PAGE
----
I’m addicted to this now. I can’t stop!


Top Checkouts by Type

This time I got it right: “Fiction” includes both books from the popular fiction section upstairs as well as the literature section downstairs. And non-fiction includes Maus. Feel free to debate me on that one in the comments.

And, of course:

Double, double, toil and trouble

Top 20 Books by Subject

Note: all graphics in this post were made with, a free web-based resource. Although it’s a little finicky (I did not love how it would sometimes not display my chart for – as far as I could tell – no good reason), it was pretty fun to work with, and I like how the charts look.Give it a try!

Signing off, Kit Gette (who is betting the Barbary Pirates will make the list NEXT time)

Kindles at the Calarco Library

A classy example of Kindle reading

Lounging with a Kindle - this could be you!

This year the Calarco Library introduced 18 Kindles to the collection. We are excited and proud of this addition to the library and to the Hopkins community. Light-weight and easy to use, each device can hold up to 3,500 Kindle books. We have created a hybrid program, preloading Kindles with a myriad of best-selling titles while frequently adding requests from students, faculty and staff throughout the year.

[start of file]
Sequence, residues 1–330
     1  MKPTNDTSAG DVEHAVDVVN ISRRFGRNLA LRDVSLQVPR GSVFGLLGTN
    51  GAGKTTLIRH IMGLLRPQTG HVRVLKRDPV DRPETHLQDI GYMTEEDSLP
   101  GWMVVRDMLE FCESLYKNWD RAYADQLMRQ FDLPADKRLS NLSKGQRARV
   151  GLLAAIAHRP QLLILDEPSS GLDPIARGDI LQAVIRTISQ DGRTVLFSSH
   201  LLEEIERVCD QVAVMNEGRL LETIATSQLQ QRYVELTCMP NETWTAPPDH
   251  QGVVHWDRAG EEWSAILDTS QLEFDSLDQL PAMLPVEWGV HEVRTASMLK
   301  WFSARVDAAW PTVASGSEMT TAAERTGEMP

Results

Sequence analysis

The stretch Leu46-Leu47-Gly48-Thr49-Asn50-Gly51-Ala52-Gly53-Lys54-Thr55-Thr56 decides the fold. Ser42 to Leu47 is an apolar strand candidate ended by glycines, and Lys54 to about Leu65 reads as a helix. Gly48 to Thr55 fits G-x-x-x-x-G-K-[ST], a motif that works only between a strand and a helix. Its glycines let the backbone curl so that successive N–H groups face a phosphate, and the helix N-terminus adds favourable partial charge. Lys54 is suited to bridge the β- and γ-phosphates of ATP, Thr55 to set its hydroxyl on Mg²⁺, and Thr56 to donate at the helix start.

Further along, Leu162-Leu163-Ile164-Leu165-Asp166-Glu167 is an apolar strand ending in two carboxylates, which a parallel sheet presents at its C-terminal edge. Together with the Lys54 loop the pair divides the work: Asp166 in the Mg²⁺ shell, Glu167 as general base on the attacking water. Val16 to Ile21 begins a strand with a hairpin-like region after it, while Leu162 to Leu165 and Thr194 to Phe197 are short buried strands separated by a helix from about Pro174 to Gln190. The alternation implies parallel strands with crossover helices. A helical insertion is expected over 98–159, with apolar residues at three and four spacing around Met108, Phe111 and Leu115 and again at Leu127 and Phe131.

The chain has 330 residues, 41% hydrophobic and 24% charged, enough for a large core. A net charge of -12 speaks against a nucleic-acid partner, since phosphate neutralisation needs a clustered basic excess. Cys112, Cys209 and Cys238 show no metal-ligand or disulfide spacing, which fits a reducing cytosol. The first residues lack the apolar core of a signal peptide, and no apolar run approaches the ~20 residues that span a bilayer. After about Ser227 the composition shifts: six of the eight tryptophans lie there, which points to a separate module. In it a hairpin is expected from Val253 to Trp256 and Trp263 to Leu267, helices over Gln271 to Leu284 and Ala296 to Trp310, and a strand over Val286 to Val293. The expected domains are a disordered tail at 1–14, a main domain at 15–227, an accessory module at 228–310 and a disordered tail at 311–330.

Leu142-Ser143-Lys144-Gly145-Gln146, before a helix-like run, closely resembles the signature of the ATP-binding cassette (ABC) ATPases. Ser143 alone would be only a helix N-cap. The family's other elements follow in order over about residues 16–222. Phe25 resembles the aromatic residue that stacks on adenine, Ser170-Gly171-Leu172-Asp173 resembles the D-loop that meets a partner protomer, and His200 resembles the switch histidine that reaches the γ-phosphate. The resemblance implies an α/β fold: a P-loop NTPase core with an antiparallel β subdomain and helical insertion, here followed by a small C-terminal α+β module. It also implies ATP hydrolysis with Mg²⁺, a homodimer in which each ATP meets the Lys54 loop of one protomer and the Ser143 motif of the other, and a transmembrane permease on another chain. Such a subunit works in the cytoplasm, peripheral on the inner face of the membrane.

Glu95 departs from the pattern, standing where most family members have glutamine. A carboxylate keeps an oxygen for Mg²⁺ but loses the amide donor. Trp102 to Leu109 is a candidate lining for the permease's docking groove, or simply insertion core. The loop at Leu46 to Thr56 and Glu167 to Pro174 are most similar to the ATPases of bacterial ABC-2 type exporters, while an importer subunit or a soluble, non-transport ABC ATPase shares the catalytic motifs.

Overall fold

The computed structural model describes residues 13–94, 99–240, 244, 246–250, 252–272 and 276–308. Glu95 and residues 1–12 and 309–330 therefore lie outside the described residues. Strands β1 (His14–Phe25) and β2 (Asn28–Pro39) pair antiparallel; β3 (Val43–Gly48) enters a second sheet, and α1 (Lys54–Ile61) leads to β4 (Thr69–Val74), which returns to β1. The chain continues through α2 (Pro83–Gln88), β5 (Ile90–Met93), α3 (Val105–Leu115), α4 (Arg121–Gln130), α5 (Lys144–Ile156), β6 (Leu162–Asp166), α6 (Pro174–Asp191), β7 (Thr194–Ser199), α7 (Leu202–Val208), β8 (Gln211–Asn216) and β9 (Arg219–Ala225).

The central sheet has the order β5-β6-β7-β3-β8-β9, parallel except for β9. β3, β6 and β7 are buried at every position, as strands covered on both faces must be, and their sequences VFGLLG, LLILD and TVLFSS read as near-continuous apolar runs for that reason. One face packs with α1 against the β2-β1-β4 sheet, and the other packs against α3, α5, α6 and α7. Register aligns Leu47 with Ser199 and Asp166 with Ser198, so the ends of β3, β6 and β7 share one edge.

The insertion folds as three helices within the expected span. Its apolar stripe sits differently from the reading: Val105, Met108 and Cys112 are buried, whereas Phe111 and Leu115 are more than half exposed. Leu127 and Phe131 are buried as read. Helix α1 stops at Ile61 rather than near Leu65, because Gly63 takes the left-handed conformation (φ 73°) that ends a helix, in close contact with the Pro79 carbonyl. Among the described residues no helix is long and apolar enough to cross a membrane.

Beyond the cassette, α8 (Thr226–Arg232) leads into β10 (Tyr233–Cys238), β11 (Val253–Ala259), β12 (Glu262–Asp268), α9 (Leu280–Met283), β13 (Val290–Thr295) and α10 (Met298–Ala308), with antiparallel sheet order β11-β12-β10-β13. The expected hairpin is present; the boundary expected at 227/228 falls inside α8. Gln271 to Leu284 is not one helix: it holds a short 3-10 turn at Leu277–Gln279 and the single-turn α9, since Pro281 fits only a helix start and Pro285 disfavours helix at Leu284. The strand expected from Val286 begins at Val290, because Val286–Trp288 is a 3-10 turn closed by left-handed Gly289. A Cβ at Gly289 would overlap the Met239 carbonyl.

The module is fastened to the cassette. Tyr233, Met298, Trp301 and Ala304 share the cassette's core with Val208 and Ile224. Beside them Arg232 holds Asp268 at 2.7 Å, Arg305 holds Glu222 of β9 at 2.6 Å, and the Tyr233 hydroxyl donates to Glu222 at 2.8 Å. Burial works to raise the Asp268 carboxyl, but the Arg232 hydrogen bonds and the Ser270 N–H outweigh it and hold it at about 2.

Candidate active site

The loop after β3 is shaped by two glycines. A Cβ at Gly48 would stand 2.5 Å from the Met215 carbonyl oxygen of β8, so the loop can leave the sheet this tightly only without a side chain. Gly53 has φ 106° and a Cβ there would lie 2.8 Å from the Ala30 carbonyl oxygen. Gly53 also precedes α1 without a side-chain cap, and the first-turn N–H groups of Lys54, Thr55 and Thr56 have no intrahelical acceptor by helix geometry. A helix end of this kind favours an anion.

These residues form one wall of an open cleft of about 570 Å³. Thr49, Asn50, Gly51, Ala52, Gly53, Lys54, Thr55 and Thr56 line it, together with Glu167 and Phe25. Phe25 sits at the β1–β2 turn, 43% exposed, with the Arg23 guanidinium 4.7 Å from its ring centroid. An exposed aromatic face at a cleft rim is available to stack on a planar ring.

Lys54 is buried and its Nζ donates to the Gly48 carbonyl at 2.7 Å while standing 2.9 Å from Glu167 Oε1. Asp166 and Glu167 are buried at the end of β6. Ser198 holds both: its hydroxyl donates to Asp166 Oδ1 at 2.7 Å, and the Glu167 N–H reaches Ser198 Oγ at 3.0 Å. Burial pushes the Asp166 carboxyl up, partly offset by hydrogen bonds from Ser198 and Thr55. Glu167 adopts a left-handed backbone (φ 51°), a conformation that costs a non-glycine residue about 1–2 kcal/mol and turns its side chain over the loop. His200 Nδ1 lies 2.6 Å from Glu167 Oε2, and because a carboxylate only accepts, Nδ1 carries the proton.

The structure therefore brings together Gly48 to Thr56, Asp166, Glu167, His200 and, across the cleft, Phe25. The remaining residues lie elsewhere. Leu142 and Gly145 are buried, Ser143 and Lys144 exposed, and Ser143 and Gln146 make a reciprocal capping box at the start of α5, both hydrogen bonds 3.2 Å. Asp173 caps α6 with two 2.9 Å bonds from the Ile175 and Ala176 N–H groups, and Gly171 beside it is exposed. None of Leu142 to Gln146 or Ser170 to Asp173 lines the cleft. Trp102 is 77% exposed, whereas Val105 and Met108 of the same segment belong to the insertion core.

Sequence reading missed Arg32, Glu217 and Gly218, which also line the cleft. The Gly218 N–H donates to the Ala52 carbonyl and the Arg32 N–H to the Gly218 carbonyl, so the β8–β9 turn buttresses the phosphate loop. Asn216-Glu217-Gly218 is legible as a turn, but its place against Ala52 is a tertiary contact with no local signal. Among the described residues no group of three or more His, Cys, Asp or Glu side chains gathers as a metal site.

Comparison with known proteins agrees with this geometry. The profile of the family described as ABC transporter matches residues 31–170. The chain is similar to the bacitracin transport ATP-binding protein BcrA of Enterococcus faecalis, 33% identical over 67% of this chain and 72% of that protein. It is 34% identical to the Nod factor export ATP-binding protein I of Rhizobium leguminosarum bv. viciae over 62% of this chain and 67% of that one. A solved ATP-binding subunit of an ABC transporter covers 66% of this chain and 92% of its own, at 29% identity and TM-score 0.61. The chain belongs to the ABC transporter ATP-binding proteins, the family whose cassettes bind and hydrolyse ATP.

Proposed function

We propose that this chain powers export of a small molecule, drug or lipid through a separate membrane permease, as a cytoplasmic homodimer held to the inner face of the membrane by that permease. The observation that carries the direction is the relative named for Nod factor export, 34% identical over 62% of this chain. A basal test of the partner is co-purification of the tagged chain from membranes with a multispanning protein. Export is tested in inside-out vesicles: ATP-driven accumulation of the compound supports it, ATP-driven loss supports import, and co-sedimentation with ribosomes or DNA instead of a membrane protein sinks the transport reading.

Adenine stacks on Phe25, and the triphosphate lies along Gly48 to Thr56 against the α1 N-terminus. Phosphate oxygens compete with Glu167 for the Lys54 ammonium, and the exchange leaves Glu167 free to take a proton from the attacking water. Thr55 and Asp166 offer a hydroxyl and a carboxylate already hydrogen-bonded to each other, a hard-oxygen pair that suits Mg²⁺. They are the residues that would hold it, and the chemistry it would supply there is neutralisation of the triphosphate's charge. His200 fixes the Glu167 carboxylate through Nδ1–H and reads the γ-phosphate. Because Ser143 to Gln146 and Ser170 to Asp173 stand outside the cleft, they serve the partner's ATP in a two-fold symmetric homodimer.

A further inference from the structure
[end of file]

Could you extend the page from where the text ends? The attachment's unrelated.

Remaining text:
Please visit our Kindle LibGuide to learn more and to view the full list of the books currently available on the Calarco Library Kindles.

Informational Videos:

Photo Credits

href=””>Mike Licht, NotionsCapital.comvia photopin cc

href=””>Mike Licht, NotionsCapital.comvia photopin cc

Hidden Collections at the Calarco Library

A unique collection that combines old and new

There are many kinds of collections – coins, stamps, bottle caps, music, etc. – and most are unknown beyond a small group of people. Libraries are pretty well known for their collections of books, I think it is fair to say. What is less often known are the collections contained WITHIN the collections of books.

 photo credit: db Photography | Demi-Brooke via photopin cc

Confusing? Definitely. The Calarco Library collection does not just consist of fiction and non-fiction books; we have other collections of materials (print and non-print) that warrant your attention. These are highlighted below to make YOU (yes, you) more aware of these resources. Some of these resources might help you complete a research project, a Senior project, or simply be something you can escape to during a Free Friday. Read on, and enjoy!